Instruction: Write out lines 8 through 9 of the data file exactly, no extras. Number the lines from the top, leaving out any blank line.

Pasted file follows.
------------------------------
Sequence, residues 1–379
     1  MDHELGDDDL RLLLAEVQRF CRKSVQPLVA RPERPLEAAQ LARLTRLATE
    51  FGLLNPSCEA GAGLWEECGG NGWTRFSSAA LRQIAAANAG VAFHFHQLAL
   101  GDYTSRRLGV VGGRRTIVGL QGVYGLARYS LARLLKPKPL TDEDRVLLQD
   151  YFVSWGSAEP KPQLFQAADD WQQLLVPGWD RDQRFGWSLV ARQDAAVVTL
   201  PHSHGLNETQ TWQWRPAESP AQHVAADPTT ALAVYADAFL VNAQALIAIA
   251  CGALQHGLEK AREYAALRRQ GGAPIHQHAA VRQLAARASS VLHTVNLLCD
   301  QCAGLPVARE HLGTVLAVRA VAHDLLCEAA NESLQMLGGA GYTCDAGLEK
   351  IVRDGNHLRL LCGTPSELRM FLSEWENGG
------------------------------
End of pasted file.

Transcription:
   301  QCAGLPVARE HLGTVLAVRA VAHDLLCEAA NESLQMLGGA GYTCDAGLEK
   351  IVRDGNHLRL LCGTPSELRM FLSEWENGG